Studies on Islet Amyloid Polypeptide Aggregation: From Model Organism to Molecular Mechanisms
2011 (English)Doctoral thesis, comprehensive summary (Other academic)
The proper folding of a protein into its defined three--‐dimensional structure is one of the many fundamental challenges a cell encounters. A number of tightly controlled pathways have evolved to assist in the proper folding of a protein, but also to aid in the removal of misfolded proteins. Despite the presence of these pathways accumulation of misfolded proteins can still occur. Amyloid deposits consist of misfolded proteins with a characteristic highly ordered fibrillar structure that will exert affinity for the amyloid dye Congo red and has a unique X-ray diffraction pattern. Currently 27 different proteins have been identified as amyloid forming proteins in human, however the exact role of amyloid in the pathogenesis of the connected disease is most often unclear.
Islet amyloid is made up of the beta cell derived hormone islet amyloid polypeptide (IAPP) and is associated with the development of type 2 diabetes. Propagation of IAPP-fibrils is believed to be one important cause of the pancreatic beta cell death detected in patients with type 2 diabetes. IAPP is a naturally occurring polypeptide hormone stored and secreted together with insulin. IAPP and insulin arise from posttranslational processing of their biological inactive precursors proIAPP and proinsulin. In addition to human, cat and monkey IAPP will form amyloid deposits in conditions resembling human type 2 diabetes. However, IAPP from mouse and rat do not form amyloid as a result of the differences in amino acid sequence.
My main research goal was to establish a unique model system suitable to study the effects of proIAPP and IAPP aggregation. I selected Drosophila melanogaster due to its many suitable characteristics as a model organism and its superior genetic toolbox. I have demonstrated that over--‐expression of hproIAPP and hIAPP in the central nervous system (CNS) results in aggregate formation in the brain and neighbouring fat body. Consistent with previous studies, expression of mIAPP does not result in the formation of aggregates. To investigate the intracellular effects of hproIAPP and hIAPP aggregation on a specific population of neurons, we targeted the expression of these peptides specifically to 16 neurons in the brain, the pdf- neurons. These pdf-neurons are divided into 2 clusters of 8 cells per brain hemisphere. First I showed that expression of aggregation prone hIAPP and hproIAPP resulted in significant death of the 8 cells, whereas expression of mIAPP had no such effect. In efforts to pinpoint the mechanisms behind the observed cell death I demonstrated that hproIAPP and hIAPP both pass the ERs quality control for protein folding and that the initiated cell death does not occur through classical apoptosis. Instead, selective autophagy is activated by hIAPP and hproIAPP. This activation counteracts the usually neuro-protective effects of autophagy and contributes to cell death. Strikingly, I also showed that Aâ, the amyloid protein implicated in Alzheimer’s disease, does not exhibit any intracellular toxicity when expressed in pdf-cells. This supports the existence of separate toxic pathways for different amyloid proteins.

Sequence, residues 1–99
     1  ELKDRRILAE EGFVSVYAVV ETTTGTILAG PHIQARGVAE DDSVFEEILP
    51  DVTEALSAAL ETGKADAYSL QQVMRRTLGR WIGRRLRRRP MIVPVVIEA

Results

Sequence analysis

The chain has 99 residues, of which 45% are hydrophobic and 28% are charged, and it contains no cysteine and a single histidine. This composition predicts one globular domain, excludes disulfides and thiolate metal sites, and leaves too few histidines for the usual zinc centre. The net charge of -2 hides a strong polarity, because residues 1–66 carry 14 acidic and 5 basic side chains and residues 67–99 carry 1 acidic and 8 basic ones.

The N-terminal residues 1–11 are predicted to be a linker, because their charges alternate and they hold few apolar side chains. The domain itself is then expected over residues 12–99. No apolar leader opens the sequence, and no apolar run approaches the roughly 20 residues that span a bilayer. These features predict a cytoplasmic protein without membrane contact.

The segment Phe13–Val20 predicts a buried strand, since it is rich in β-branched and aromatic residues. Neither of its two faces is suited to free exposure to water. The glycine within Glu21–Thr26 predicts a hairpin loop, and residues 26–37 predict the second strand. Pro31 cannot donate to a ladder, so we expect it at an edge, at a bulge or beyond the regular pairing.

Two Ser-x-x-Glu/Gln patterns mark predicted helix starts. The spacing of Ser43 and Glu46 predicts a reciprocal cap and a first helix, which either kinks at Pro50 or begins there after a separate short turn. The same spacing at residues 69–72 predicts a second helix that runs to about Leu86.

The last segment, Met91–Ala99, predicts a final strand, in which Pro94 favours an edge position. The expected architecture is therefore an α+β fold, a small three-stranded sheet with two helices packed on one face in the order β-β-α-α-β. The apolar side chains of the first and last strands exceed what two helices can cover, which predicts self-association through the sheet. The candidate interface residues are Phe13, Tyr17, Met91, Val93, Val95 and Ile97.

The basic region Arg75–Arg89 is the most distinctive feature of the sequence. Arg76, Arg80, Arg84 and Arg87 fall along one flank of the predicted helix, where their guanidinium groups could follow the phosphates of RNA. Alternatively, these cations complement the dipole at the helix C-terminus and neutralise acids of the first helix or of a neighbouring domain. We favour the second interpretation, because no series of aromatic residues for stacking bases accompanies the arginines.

Place, publisher, year, edition, pages
Linköping: Linköping University Electronic Press , 2011. , 100 p.
Linköping University Medical Dissertations, ISSN 0345-0082 ; 1254
Medical and Health Sciences
IdentifiersURN: urn:nbn:se:liu:diva-70094ISBN: 978-‐91-‐7393-‐099-‐4OAI: oai:DiVA.org:liu-70094DiVA: diva2:435439
2011-09-16, Berzeliussalen, Hälsouniversitetet, Campus US, Linköpings universitet, Linköping, 09:00 (English)
Simonsen, Anne, Associate Professor
Torstensdotter Westermark, Gunilla, Dr.
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